ByLC Screen Talk, writer at Creators.co

A film starring Charlize Theron, Nicholas Hoult and Chloe Grace Moretz that was released day and day release On-Demand and in theaters? Sounds like a great deal! But while releasing films to rent alongside theatrical release is gaining popularity among smaller budget films, the trend still warrants caution regarding the quality of film you're about to embark on. So does Dark Places warrant a warning sign or is it simply a smaller film that you get the chance to watch from the comfort of your own couch?

Unfortunately, the former continues to be the case as Dark Places isn't able to deliver. The dark thriller is based on a novel by Gillian Flynn, the same writer than penned Gone Girl and it does possess the same twist-laden storyline. However, the suspense isn't there this time around and ultimately you find yourself searching for reasons to stay interested.

Charlize Theron plays Libby Day, the only female survivor when her family is murdered in the mid-eighties. Now she is coerced into re-visiting her past and as she looks into her family tragedy begins to un-cover previously overlooked details to the case.

The film feels entirely small in scale and based on production and direction alone, it is obvious that this was no cinematic fare. The picture quality is grainy (and not only for gritty effect) and the directing style is distinctively tv. Even for a an HBO movie, this production value wouldn't cut it.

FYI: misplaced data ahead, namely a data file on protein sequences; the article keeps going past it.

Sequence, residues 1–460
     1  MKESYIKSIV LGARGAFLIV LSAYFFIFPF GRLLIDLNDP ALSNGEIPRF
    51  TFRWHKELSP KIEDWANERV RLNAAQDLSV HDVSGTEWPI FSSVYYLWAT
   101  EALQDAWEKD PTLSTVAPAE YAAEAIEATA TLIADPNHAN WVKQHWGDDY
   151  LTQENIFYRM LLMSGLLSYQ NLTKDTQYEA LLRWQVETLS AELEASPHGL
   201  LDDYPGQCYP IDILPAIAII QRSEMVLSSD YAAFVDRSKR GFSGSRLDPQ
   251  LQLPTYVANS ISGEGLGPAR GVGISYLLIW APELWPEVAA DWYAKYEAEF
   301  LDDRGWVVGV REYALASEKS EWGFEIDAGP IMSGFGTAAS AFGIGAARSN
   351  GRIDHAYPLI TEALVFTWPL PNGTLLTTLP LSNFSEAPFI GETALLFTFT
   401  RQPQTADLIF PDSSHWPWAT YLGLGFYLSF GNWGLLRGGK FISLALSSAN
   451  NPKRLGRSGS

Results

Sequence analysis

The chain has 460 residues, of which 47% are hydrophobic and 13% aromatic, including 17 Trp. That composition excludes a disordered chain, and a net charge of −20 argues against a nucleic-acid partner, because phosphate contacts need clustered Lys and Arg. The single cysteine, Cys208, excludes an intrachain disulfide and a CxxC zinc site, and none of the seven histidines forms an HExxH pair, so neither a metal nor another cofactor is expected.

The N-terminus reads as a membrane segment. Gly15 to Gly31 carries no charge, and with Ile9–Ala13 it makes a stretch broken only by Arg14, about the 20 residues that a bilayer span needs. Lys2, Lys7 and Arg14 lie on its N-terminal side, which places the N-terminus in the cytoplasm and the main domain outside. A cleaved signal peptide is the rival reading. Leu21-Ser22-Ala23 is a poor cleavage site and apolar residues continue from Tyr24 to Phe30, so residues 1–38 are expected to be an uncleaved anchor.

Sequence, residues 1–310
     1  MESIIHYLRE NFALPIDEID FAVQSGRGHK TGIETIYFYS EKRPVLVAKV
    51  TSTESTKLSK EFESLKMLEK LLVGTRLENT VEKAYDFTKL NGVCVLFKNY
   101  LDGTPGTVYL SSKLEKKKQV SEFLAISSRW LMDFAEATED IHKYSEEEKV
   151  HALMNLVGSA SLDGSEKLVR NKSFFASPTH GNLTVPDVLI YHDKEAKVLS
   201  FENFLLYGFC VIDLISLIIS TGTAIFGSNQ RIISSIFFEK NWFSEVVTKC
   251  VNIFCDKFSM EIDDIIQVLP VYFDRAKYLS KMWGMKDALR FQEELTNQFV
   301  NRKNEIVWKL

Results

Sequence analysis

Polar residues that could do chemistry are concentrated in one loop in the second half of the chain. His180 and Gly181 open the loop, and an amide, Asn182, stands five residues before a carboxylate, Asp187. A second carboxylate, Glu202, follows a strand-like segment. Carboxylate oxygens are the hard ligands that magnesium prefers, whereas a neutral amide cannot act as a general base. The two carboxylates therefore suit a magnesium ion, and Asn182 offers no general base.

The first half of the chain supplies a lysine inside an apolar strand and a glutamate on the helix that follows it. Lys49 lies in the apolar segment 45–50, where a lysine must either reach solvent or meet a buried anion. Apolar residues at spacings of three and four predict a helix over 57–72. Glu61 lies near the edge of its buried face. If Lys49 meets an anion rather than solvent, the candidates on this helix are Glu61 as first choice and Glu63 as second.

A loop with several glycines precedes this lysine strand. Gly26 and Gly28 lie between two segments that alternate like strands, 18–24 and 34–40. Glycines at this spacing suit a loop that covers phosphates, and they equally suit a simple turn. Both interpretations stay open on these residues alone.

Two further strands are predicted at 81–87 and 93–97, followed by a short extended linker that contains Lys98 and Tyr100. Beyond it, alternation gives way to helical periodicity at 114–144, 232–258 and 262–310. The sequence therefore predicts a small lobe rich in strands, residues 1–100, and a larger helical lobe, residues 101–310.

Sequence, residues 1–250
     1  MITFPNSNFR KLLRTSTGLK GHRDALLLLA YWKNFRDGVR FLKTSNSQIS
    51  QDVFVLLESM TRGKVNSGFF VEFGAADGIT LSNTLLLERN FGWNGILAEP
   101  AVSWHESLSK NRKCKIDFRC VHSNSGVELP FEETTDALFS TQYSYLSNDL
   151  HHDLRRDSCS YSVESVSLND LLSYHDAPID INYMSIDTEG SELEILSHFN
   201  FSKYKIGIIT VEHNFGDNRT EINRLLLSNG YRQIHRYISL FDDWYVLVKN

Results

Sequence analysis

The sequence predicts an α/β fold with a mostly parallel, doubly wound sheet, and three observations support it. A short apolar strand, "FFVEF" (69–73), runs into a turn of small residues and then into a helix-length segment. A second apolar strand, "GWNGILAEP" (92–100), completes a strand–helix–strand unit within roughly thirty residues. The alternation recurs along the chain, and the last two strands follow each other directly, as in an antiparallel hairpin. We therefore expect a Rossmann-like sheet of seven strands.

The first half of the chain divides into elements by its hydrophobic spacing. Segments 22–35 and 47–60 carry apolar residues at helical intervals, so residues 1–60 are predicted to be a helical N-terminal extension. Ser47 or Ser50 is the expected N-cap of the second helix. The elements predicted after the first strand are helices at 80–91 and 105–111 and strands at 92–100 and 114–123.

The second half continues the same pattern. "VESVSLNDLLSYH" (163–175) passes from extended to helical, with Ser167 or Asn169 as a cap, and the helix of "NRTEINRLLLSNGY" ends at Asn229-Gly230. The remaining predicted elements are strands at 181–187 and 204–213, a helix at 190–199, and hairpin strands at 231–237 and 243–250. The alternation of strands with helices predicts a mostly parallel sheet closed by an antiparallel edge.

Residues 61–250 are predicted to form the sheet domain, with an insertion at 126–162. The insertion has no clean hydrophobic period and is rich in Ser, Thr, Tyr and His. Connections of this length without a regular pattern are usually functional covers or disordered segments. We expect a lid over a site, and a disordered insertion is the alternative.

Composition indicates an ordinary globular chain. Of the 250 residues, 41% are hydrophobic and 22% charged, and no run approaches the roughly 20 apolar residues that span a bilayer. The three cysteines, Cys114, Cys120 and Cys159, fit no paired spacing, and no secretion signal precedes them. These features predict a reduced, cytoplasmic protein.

All of the actor involved are giving it their best efforts. Theron shines, sprinkling in signs of her performances from Young Adult and Mad Max to create a screwed up chick that's jaded from the hand life has dealt. Chloe Grace Moretz is perfectly insane as a young love interest and Nicholas Hoult is a nice blend of likeable an creepy.

The biggest issue with Dark Places is that for all of it's twists and turns, it lacks excitement and turns out to be rather boring. A murder mystery is unfolding before your eyes and yet it's difficult to not drift off. This is the second direct to on-demand film of the last year to star name talent (Ethan Hawke in 'Good Kill') and luckily this isn't on that level of dull but isn't worth even the $8.00 rental tag. Wait for Redbox.

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